Biography of José de San Martín (1778-1850)

Liberator of Argentina, Chile and Peru, born in Yapeyú (today San Martín, Argentina) February 25, 1778 and died in Boulogne on August 17, 1850. The great personalities that gave reality to the independence of Spanish America include that of San Martín, by his Special selflessness, their fine political instinct and your generosity. San Martín and Bolívar, which did not understand each other, form the pair of the great leaders of the libertadores and his work, victories, qualities, significance of his performance, celebrity and even cult that is taxed them, no figure from the time of emancipation is at its height.

(See Simón Bolívar).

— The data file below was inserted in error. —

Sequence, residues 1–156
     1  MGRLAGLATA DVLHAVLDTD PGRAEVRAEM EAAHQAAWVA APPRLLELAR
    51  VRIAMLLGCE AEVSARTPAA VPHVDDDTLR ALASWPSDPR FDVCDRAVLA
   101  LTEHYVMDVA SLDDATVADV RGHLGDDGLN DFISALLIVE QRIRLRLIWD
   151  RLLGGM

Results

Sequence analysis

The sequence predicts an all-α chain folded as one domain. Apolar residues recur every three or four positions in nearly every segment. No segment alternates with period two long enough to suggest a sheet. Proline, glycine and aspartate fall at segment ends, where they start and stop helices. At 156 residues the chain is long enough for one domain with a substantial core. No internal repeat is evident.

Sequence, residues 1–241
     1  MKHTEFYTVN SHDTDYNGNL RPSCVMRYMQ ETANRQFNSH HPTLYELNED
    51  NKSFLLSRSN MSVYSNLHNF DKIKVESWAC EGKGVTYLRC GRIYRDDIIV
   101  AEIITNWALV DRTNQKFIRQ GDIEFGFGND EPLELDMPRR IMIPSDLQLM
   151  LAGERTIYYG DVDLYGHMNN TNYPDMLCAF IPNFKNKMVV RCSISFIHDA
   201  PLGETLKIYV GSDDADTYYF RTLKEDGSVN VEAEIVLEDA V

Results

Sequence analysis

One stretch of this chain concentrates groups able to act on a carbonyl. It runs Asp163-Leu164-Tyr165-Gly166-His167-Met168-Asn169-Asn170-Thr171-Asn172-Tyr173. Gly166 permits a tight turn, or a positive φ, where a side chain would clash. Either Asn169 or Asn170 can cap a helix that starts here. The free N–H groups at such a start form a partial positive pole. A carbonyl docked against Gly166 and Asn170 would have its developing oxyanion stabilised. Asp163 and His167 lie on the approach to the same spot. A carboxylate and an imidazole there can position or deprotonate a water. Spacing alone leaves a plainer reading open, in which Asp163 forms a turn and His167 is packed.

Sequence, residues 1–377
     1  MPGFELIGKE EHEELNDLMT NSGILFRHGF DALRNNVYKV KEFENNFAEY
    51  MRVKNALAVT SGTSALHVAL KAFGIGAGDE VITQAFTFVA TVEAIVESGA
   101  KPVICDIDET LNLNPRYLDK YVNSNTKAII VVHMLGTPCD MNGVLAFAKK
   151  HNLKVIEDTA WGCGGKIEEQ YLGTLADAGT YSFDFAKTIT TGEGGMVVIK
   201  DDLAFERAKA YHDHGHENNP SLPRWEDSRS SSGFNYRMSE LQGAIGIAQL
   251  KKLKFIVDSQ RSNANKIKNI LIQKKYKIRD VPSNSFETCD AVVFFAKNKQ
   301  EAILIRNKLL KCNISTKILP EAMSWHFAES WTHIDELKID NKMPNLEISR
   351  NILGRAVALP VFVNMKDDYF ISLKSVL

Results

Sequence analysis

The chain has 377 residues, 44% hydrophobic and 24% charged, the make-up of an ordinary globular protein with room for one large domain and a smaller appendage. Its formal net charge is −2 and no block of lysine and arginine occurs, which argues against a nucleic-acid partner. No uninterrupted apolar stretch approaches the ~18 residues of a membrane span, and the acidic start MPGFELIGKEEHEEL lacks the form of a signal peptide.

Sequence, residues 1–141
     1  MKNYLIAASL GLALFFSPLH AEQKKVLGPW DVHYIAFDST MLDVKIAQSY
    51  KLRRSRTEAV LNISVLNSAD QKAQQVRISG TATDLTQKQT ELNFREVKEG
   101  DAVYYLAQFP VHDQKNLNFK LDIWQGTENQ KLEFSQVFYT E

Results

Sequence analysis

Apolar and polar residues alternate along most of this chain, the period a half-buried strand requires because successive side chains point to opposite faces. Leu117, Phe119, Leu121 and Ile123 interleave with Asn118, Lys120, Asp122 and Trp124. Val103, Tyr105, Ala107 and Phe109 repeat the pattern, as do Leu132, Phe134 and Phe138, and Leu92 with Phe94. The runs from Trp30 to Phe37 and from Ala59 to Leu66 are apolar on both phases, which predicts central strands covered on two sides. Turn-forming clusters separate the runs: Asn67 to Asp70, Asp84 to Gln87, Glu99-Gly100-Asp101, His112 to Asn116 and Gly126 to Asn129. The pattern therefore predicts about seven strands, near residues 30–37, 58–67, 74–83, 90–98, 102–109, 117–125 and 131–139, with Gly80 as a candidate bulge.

José de San Martín was the son of a Spanish official in the Río de la Plata in the province of Misiones, Juan de San Martín, who wasn't captain. Natural age of Cervatos de la Cueza (Palencia); his mother was Gregoria Matorras, Paredes de Nava (also in Palencia). He was the youngest son and his brothers were always officers of the Spanish army. In 1784 the family went to Spain and San Martín studied in Madrid, at the Royal Seminary of Nobles, it is believed, although this part of their education is not safe. At age eleven he sat square in the army and after taking part in several actions of war in Melilla, Oran, Roussillon, the battle of San Vicente in Portugal and the war of independence peninsular (battle of Bailén and Arjonilla in 1808), he was promoted to Lieutenant-Colonel graduated. In the 22 years that belonged to the Spanish army he participated in 31 actions of war, being at the end of this stage of his life, Commander in the regiment of dragoons of Sagunto. Influenced by liberalism and the spirit of the masonic lodges, since like so many others, he belonged to the rational Knights Lautaro, announced the outbreak of the revolution of may in the Río de la Plata he decided to join the cause of the independence of his homeland. The way back took him first to England, where it started in the Lodge Grand meeting American of Francisco de Miranda, and in 1812, arrived in Buenos Aires, along with Alvear and Zapiola.(See America independence - independence - and Francisco de Mirandavoice).